Thus, I believe the standard Yousef set for what would be viewed as respecting Palestinian rights is an unfair one.

Read Full Post »


My first piece for Open Zion, Peter Beinart’s blog at The Daily Beast, is live. It addresses the false accusation that one cannot be Zionist and also hold to liberal values, using the question of Palestinian refugees as the way to explore this question. Since i don’t identify as a Zionist, I think this makes it a more powerful argument.

Read Full Post »


In this week’s column at Souciant, I revisit the Boycott, Divestment and Sanctions movement in light of recent events in Brooklyn and Peter Beinart’s controversial New York Times op-ed.

Read Full Post »


This article originally appeared on LobeLog

Four years ago, there was some hope in Washington that J Street, the self-proclaimed “pro-Israel, pro-peace” Jewish lobbying group, could someday provide a

J Street President, Jeremy Ben-Ami addressing the crowd at J Street's third conference

counterweight to the American Israel Public Affairs Committee (AIPAC).

No one expected J Street to seriously challenge AIPAC after just four years. But the organization’s track record to date gives some cause for concern with regard to the direction its heading in.

J Street has had some controversial missteps in its time. For example, its waffling on the Israeli attack on Gaza in 2008-09, and its dissembling response when it was revealed that left-wing magnate George Soros had been one of its key initial funders.

This time their investment in Peter Beinart presented a hurdle for them. Beinart published an op-ed in the New York Times calling for what he regrettably termed “Zionist BDS,” which is simply a new name for a policy long advocated by left-wing groups like Jewish Voice for Peace and more center-left groups likeAmericans for Peace Now. It basically advocates for the boycott of settlement products, services and venues.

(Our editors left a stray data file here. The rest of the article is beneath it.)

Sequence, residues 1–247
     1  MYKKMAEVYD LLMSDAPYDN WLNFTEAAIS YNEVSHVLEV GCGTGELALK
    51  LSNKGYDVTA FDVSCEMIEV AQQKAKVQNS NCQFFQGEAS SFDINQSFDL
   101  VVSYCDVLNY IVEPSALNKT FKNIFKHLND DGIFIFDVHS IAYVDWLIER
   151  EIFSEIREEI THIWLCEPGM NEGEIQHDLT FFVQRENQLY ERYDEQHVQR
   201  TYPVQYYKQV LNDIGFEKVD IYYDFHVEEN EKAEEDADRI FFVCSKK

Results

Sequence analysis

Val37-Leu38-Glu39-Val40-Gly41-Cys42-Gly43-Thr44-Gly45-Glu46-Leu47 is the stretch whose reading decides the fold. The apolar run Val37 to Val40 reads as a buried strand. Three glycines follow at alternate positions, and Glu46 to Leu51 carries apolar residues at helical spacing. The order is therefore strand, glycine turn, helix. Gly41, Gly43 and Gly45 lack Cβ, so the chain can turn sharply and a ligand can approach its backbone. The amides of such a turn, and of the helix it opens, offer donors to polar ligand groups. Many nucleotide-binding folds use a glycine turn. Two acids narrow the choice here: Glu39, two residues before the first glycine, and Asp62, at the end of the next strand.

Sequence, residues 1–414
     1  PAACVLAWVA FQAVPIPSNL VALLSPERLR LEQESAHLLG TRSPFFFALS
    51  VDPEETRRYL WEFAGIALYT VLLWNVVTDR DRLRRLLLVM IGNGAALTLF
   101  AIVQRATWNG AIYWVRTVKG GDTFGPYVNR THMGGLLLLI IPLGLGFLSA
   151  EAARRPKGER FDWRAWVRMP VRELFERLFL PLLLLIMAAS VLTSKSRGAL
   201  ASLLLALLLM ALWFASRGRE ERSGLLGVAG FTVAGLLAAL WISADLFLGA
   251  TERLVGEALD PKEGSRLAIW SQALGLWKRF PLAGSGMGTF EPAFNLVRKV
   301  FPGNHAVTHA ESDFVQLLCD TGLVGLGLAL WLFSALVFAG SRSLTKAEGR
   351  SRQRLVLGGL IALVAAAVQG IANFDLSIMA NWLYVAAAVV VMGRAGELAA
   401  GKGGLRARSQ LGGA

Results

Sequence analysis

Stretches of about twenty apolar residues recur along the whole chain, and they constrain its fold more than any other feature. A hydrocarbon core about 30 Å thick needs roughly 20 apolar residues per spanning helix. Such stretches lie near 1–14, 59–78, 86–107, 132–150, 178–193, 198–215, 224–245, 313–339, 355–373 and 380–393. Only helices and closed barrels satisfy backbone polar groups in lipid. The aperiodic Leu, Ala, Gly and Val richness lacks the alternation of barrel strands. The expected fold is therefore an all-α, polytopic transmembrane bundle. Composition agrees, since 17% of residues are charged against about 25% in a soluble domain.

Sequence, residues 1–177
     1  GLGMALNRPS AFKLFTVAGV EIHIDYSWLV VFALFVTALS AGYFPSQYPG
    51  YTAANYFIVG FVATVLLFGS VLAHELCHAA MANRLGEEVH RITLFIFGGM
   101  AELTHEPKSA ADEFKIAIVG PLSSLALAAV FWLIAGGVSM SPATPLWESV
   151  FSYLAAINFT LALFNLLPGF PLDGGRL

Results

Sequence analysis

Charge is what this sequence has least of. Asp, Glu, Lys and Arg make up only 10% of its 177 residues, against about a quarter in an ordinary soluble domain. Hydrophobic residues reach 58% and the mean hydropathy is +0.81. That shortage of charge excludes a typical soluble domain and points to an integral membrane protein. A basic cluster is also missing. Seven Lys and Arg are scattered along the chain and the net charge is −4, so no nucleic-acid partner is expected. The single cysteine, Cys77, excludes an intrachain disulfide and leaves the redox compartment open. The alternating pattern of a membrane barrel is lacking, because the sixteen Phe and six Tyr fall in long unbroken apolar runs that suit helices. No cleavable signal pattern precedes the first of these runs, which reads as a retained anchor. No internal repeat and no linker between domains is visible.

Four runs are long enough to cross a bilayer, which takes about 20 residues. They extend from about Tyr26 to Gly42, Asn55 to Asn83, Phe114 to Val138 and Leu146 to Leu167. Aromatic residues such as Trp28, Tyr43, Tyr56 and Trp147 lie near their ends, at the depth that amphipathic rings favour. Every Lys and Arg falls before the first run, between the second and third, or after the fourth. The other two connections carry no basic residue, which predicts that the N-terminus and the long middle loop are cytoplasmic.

Just a few days before Beinart appeared as one of the key figures at their conference, J Street President Jeremy Ben-Ami gave an interview to Iran/Israel hawk Jeffrey Goldberg where he strongly criticized Beinart’s stance. The result, which became apparent when the issue came up during one of the plenaries, was to split the conference audience over the issue. (more…)

Read Full Post »


Just to let my readers know, I’m covering the J Street conference, starting tonight (indeed, I’m writing this from the opening plenary). I’ll be writing it up for Inter Press Service, and hopefully blogging some things afterward as well. I’ll also be live tweeting, so you can follow me on Twitter @MitchellPlit or on Facebook.

But I think it bears noting that J Street has no more guarantee of my objectivity, or that I’ll write a positive article about the conference, than AIPAC did (other than my own integrity). They had no problem letting me in, and good for them. It just serves as a further counterpoint: J Street has a lot more to worry about with negative press than AIPAC, yet somehow big, tough AIPAC was scared of little old me. Look here and see if you think their fear was justified.

Anyway, I’ll do everything I can to keep you posted on this conference. With Jeremy Ben-Ami having just heavily criticized the rock star of the group, Peter Beinart, in an interview with Jeffrey Goldberg in the Atlantic, it’s not exactly off to a promising start. And the key Obama Administration speaker, Anthony Blinken, is a considerable step down from Dennis Ross last year, and even more so from Jim Jones, the National Security Adviser at the time, at their first conference. But we’ll see….

Read Full Post »

Older Posts »

Follow

Get every new post delivered to your Inbox.

Join 3,294 other followers

%d bloggers like this: